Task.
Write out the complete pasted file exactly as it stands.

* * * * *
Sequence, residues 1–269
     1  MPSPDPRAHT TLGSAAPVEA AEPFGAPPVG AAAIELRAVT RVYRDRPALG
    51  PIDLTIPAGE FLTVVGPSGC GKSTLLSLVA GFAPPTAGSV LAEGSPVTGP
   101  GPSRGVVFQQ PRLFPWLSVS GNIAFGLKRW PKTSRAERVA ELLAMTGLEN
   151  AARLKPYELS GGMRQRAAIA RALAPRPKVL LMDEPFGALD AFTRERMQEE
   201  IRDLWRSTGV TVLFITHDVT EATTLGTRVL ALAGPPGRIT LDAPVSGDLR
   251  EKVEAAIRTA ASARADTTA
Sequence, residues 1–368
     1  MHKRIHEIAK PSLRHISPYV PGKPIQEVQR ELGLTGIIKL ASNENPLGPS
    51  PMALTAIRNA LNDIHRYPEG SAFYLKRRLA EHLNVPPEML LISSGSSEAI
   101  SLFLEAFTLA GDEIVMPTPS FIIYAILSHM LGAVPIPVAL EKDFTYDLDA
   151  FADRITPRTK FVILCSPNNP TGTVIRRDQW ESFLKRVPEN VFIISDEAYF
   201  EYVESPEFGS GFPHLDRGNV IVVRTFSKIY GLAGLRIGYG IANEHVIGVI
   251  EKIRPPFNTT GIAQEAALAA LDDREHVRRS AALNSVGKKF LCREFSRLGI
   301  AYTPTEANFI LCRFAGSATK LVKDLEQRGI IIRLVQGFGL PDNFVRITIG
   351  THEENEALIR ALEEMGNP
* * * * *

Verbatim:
Sequence, residues 1–269
     1  MPSPDPRAHT TLGSAAPVEA AEPFGAPPVG AAAIELRAVT RVYRDRPALG
    51  PIDLTIPAGE FLTVVGPSGC GKSTLLSLVA GFAPPTAGSV LAEGSPVTGP
   101  GPSRGVVFQQ PRLFPWLSVS GNIAFGLKRW PKTSRAERVA ELLAMTGLEN
   151  AARLKPYELS GGMRQRAAIA RALAPRPKVL LMDEPFGALD AFTRERMQEE
   201  IRDLWRSTGV TVLFITHDVT EATTLGTRVL ALAGPPGRIT LDAPVSGDLR
   251  EKVEAAIRTA ASARADTTA
Sequence, residues 1–368
     1  MHKRIHEIAK PSLRHISPYV PGKPIQEVQR ELGLTGIIKL ASNENPLGPS
    51  PMALTAIRNA LNDIHRYPEG SAFYLKRRLA EHLNVPPEML LISSGSSEAI
   101  SLFLEAFTLA GDEIVMPTPS FIIYAILSHM LGAVPIPVAL EKDFTYDLDA
   151  FADRITPRTK FVILCSPNNP TGTVIRRDQW ESFLKRVPEN VFIISDEAYF
   201  EYVESPEFGS GFPHLDRGNV IVVRTFSKIY GLAGLRIGYG IANEHVIGVI
   251  EKIRPPFNTT GIAQEAALAA LDDREHVRRS AALNSVGKKF LCREFSRLGI
   301  AYTPTEANFI LCRFAGSATK LVKDLEQRGI IIRLVQGFGL PDNFVRITIG
   351  THEENEALIR ALEEMGNP